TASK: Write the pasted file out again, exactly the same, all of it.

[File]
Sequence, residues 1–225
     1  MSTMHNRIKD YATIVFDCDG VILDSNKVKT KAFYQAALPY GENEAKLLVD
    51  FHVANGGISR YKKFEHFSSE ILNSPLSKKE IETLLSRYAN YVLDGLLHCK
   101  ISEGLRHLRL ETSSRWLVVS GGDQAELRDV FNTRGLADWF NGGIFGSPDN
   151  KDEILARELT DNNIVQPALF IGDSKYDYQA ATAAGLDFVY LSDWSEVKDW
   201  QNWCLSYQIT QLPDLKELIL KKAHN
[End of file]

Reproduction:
Sequence, residues 1–225
     1  MSTMHNRIKD YATIVFDCDG VILDSNKVKT KAFYQAALPY GENEAKLLVD
    51  FHVANGGISR YKKFEHFSSE ILNSPLSKKE IETLLSRYAN YVLDGLLHCK
   101  ISEGLRHLRL ETSSRWLVVS GGDQAELRDV FNTRGLADWF NGGIFGSPDN
   151  KDEILARELT DNNIVQPALF IGDSKYDYQA ATAAGLDFVY LSDWSEVKDW
   201  QNWCLSYQIT QLPDLKELIL KKAHN